Ruth said...

rauf Abi. Much of what I've learned about being a friend, I've learned from you, from how you model it. You are a constant shoulder for your many friends who pile on you with their sorrows and troubles.

I'll look for the Davis version on YouTube, I know it from Herman's Hermits.

I hope the wedding brings everyone joy today, like a spring shower in a hot Chennai!

D.K.Fisher said...

Ruth,

Thank you. You words are so true and heartfelt. I attended a military funeral in Arlington in May 2005 for my Uncle Malcolm Miller that died in Vietnam and was recovered after 38 years. That was one of the most beautiful ceremonies I had ever seen, especially the Flag folding. It was almost like watching a ballet and it does bring healing.

Alhioro said...

I like that film...Do the best. Wish you the best. Also i like info on www.jciyouth.org

carl h. sr. said...

I believe you have just summed up,very well,the story of everyone's life here on mother earth.
That we will have sorrows is a certainty.That we deal with them in the best way we are able,is up to each of us.That we find even one true friend to grieve along with us,is a treasure far beyond that of gold.
I don't want to 'go out' holed up in some dank shelter.Rather that I should leave this world enjoying the beauty and miracle of nature that is eternal with or without us.
Thank you for sharing your insights Ruth.You give me a joy similar to when I enjoy my wood,rocks,stars,and animal friends.

freefalling said...

You need to live life wholly, don't you?
Even if it sucks.
I've always quite liked this.
http://www.youtube.com/watch?v=8fXlKfLNea8

C.M. Jackson said...

"He was my North, my South, my East and West,
My working week and my Sunday rest
My noon, my midnight, my talk, my song;
I thought that love would last forever, I was wrong."

Ruth
I saw the movie when the man I loved was going through a terminal illness. I searched for the poem and held it close to my heart knowing I had found the right words to speak when he died. I am sorry for your loss and thank you for putting into words the process of loss and healing. Spring is an amazing time.

best- C

Ruth said...

Oh, D.K.Fisher, that describes it so well, a ballet. At Arlington it would be like seeing it at the Imperial Russian Ballet Theater.

Ruth said...

Thank you, Alhioro.

Ruth said...

Dear Carl, that's one of the best things anyone's ever said to me.

Ruth said...

Sweet Letty, could be, I don't really know, because I have not been put through what you've been through, that hell. My life has been easy, no misery, no anguish, except for those I love.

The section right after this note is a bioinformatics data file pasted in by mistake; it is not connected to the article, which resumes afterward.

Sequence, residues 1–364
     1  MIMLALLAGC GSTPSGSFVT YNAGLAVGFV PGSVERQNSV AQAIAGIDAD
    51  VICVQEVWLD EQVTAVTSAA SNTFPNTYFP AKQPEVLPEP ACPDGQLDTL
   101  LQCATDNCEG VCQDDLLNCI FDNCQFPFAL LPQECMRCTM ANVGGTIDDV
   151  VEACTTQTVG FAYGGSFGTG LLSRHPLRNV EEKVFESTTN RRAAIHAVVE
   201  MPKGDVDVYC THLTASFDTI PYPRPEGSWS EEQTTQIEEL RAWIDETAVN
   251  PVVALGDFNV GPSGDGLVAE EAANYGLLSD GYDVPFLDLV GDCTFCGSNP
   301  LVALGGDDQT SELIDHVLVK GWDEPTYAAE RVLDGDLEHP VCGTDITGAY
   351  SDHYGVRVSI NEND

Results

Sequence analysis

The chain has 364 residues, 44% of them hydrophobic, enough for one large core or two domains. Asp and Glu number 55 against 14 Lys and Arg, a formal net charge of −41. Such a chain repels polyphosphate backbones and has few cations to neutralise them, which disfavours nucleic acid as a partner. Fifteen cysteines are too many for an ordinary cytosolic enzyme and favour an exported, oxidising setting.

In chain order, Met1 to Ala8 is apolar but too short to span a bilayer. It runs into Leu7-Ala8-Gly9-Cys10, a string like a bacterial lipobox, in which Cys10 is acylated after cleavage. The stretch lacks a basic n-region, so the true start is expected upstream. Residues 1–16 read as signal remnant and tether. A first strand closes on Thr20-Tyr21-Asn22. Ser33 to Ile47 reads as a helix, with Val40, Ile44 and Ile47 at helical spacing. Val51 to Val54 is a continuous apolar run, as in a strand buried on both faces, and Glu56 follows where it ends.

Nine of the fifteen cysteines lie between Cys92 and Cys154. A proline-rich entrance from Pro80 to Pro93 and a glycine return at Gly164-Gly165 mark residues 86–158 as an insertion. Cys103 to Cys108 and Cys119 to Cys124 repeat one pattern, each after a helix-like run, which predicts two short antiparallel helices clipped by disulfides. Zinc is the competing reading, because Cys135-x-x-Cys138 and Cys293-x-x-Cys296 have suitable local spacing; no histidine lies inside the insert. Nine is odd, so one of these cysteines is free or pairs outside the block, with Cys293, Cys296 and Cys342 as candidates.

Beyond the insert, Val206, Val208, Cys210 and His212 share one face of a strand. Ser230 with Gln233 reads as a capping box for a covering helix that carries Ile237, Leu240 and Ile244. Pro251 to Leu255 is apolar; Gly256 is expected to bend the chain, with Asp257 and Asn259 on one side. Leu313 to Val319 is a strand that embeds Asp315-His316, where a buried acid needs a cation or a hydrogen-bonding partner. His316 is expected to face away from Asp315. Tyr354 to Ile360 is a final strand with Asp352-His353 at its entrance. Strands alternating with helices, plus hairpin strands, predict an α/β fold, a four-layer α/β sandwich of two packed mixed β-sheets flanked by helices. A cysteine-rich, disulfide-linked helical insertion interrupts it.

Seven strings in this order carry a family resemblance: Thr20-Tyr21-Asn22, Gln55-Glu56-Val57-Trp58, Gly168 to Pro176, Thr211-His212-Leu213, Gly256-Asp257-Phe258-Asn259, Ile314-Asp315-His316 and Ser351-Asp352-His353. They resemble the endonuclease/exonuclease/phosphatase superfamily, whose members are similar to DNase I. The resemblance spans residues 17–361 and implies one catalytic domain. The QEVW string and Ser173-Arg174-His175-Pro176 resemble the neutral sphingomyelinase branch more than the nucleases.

I tried loading the YouTube, but it wouldn't open.

Ruth said...

C.M., oh, I am sorry you needed this poem to express your agonizing sorrow. But I'm glad it was there for you. Imagine, Auden's grief, and his ability to create lines of beauty, continue to heal nearly 70 years later.

Sandy said...

This is beautifully written and your photos are so gorgeous. Don't have much to add except it is something I can relate to. I never thought I would get over my brother's death and the way it happened when he was a young age 40. But yes, the heart does open back up.

Bob Johnson said...

Poem was cool, but your words reached me the most.

Ruth said...

Aunty Sandy, thank you. It's those tragic ends that pain the most. I often wonder what my brother who died at 47 would do in situations, what he would think. It's hard, and it shapes us forever.

Ruth said...

That's kind, Bob, thank you.

Your last post addresses this from a different angle, I really appreciated the love of family you expressed.

freefalling said...

Try this one.
http://www.youtube.com/watch?v=w1h_hmdVJAc

California Girl said...

This touches me deeply.

shoreacres said...

Hello, Ruth,

This came to me as I read your words:

"In three words I can sum up everything I've learned in life: It goes on."
-Robert Frost

I suspect you're one who's learned we need not wait for earth hours to let the silence teach us.

Ruth said...

Letty! You picked one of the best scenes in movie history. I adore "Parenthood," and this writing is brilliant. I absolutely love it, thank you for connecting it with my post. I love knowing you're there!

Ruth said...

Letty, I don't know how I'd missed "Parenthood" on my profile's list of favorites. I've added it now. And I'm adding it to my queue to watch again.

Ruth said...

I'm glad, California Girl. Thank you.

Ruth said...

Linda, it's kind of funny how long it took me to learn those three words. I know now that how I feel today won't likely be how I feel tomorrow. So the best thing is to keep plodding on. The "problem" for me is that I have more joy than anything else, so the days that are a little blue are not welcome. I am learning to accept them.

I am one who lives naturally in a state of feeling, and I have to strengthen my thinking skills, something I work on regularly now. We need both, but I was extreme.

Lluvia said...

A perfect post, Ruth. Everything is beautiful.

freefalling said...

Ruth, it's one of my all-time favourite movies, too.

I'm always here - lurking.

Ruth said...

Lluvia, thank you, Poet.

Ruth said...

Letty, I'm glad you're here/there.

Ginnie said...

And now I'm thinking of Kahlil Gibran's "a tear and a smile." This is absolutely beautiful, Ruth. It is the story of Winter and Spring, of Death and Resurrection.

Ruth said...

Boots, yes, those who experience grief experience depths in ways happiness doesn't reach. Joy is something else, I feel, and is also deep.